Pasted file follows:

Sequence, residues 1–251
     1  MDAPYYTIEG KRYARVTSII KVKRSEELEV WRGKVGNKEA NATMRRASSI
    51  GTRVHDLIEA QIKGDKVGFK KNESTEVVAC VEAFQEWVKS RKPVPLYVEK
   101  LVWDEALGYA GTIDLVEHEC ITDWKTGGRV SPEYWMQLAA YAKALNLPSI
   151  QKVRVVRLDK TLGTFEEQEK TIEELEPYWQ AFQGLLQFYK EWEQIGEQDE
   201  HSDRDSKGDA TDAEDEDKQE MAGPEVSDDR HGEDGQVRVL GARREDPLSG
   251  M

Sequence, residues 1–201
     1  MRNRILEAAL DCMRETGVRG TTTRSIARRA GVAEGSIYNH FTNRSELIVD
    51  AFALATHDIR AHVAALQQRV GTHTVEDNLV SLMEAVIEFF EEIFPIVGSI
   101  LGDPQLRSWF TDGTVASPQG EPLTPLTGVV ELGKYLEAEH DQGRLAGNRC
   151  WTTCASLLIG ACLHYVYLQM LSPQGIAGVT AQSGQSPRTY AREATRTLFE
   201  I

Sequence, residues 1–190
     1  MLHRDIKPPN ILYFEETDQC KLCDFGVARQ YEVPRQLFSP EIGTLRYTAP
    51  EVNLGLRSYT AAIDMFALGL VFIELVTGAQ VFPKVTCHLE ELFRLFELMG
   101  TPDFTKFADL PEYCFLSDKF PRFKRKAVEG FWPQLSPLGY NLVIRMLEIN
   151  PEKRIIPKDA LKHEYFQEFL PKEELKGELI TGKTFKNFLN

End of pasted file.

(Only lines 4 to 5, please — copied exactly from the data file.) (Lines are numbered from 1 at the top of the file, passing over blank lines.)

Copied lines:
   101  LVWDEALGYA GTIDLVEHEC ITDWKTGGRV SPEYWMQLAA YAKALNLPSI
   151  QKVRVVRLDK TLGTFEEQEK TIEELEPYWQ AFQGLLQFYK EWEQIGEQDE